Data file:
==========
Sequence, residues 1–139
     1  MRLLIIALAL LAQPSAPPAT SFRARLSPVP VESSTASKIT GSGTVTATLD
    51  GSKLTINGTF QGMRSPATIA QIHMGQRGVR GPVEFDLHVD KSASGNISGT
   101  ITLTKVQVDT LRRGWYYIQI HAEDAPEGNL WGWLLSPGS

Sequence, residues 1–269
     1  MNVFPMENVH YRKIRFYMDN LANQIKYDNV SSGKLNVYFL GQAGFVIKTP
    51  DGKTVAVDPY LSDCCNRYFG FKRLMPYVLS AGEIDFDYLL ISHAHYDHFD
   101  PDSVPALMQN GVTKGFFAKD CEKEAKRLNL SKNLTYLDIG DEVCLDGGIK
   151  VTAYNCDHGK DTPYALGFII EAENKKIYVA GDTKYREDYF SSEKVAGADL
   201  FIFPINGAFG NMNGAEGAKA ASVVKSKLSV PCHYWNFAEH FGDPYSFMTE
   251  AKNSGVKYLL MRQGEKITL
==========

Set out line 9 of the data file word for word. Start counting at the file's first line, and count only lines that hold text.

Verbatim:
   151  VTAYNCDHGK DTPYALGFII EAENKKIYVA GDTKYREDYF SSEKVAGADL